An American journalist, a British sake brewer and the president of a centenary Japanese sake brewery join together to explore the mysterious world of sake, a generic name for Japanese rice wine, actually a sort of liquor. These unique individuals, fascinated by this extraordinary beverage, investigate the spectacular world that has grown around it thorough ages.
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When fans cannot get close to the real thing, these professionals step in to fill the void. As the old adage goes, ‘imitation is the sincerest form of flattery.’ From a celebrity impersonator convention to their lives across the country, JUST ABOUT FAMOUS chronicles the few who have had the fortune, or curse, of looking like the most recognizable people on the planet.
We all know Curious George. But what about his creators, Hans and Margret Rey? From fleeing Nazi Germany on handmade bicycles to encounters with exotic animals in Brazil, the Reys lived lives of adventure that are reflected in the pages on one of the most treasured children’s book series of all time.
Gay twins Gary and Larry have always loved Dolly Parton. They left their small town home ten years ago to make it in Hollywood and are finally ready to get their script to Dolly. In a RV named Jolene, the boys embark on the adventure of a lifetime. This road trip is also a journey of self-discovery and an attempt to resolve mommy issues that have divided them since childhood.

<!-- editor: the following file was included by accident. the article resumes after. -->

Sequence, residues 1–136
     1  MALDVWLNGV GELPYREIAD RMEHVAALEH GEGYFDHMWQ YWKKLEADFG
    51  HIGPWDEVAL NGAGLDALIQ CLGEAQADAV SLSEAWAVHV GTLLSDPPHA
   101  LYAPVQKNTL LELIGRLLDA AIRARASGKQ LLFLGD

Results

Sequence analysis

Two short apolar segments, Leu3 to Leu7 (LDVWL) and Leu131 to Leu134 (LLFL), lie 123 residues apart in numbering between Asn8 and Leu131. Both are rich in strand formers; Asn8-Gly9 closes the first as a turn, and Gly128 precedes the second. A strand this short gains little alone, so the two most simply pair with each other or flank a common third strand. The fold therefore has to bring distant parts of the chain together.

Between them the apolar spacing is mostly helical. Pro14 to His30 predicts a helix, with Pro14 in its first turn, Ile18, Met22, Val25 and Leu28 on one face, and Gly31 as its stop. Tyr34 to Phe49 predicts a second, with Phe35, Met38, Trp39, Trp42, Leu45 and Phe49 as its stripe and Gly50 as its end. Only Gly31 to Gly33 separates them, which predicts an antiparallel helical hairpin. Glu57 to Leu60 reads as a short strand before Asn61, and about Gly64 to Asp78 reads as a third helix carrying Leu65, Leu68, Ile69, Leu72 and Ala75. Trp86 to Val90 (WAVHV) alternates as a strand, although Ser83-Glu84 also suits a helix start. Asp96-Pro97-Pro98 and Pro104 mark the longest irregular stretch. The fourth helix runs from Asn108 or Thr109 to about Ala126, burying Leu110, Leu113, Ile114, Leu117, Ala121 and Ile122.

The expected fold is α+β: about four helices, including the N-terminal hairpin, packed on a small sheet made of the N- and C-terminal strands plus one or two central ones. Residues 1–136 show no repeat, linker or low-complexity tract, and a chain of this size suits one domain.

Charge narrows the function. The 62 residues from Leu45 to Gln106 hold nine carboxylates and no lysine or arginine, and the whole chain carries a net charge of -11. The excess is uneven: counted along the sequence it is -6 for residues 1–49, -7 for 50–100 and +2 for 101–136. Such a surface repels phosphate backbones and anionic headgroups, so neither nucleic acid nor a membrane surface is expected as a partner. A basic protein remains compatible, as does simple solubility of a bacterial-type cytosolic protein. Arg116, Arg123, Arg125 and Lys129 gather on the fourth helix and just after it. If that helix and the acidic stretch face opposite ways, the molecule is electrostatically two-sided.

Two young North Korean gymnasts prepare for an unprecedented competition in this documentary that offers a rare look into the communist society and the daily lives of North Korean families. For more than eight months, film crews follow 13-year-old Pak Hyon Sun and 11-year-old Kim Song Yun and their families as the girls train for the Mass Games, a spectacular nationalist celebration.
Some Kind of Monster is a music documentary about Metallica’s making of their album St. Anger and the difficulties they had to go through in the process. The directors shot over 1200 hours and followed the band around night and day for over a year to create this documentary.
More people are imprisoned in the United States at this moment than in any other time or place in history, yet the prison itself has never felt further away or more out of sight. This is a film about the prison in which we never see an actual penitentiary. The film unfolds a cinematic journey through a series of landscapes across the USA where prisons do work and affect lives, from an anti-sex-offender pocket park in Los Angeles, to a congregation of ex-incarcerated chess players shut out of the formal labor market, to an Appalachian coal town betting its future on the promise of prison jobs.
Talal Derki returns to his homeland where he gains the trust of a radical Islamist family, sharing their daily life for over two years. His camera focuses on Osama and his younger brother Ayman, providing an extremely rare insight into what it means to grow up in an Islamic Caliphate.